Another innovation in biomimicry takes its cue from coral. A company named Calera proposes a new, environmentally friendly method of creating cement modelled on the way coral builds its skeleton. A reaction between carbon dioxide and sea water results in a solid and Calera thinks this approach could be used to construct sustainable cement with a possible added benefit of reducing carbon dioxide in the atmosphere.
The thought of a commercial flight running on something akin to "cooking oil" is probably not appealing to the flight-phobic. However, this is just what Australian airline Qantas would like to do in 2012. Qantas has embraced the possibilities of sustainable air travel and will launch a flight next year that runs on a form of biofuel.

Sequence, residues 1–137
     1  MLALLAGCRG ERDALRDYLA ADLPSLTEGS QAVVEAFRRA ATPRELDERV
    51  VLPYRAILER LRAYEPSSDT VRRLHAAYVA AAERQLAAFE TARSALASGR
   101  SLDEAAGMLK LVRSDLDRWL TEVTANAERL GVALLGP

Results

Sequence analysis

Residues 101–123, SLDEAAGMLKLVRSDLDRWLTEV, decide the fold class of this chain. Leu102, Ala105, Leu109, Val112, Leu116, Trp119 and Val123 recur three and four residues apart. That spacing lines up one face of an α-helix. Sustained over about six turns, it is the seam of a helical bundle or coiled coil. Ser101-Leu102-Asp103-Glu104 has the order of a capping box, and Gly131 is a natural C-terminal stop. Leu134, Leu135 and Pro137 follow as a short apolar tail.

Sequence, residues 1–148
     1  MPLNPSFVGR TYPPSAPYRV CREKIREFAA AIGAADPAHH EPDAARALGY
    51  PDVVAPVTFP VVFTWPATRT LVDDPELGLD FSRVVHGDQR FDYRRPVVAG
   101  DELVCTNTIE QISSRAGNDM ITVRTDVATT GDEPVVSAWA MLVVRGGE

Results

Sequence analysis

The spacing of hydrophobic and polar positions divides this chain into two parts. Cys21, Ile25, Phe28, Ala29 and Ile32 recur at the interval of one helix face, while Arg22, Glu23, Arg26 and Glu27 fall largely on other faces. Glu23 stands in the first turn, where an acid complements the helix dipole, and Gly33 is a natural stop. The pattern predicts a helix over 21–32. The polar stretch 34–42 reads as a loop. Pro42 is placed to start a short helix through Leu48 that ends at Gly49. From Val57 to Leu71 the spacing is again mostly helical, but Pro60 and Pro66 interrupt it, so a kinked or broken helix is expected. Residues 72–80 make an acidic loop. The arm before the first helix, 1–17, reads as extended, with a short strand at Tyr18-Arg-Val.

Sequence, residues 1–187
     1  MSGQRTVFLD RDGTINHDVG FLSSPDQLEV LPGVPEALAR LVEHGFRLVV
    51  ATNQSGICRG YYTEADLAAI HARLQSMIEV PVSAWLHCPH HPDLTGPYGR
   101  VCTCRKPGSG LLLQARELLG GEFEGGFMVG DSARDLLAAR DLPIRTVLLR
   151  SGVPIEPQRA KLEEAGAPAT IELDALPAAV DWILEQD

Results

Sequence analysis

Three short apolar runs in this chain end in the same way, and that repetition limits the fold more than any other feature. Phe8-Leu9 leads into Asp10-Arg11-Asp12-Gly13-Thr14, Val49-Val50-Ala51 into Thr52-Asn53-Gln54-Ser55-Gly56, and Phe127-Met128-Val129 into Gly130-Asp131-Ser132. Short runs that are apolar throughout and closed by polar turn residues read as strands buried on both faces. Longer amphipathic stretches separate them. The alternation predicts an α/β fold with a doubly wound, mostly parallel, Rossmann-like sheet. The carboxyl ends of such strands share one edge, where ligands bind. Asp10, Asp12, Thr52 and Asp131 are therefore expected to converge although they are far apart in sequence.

As more people become aware of the origins of what they consume, whether it be fair-trade, organic, or locally made, careful shopping also extends to the role that animals play in many of our household items. Fortunately, animal welfare advocacy group SAFE has recently unveiled a new Safe Shopper website that boasts a comprehensive list of many New Zealand brands that do not test on animals.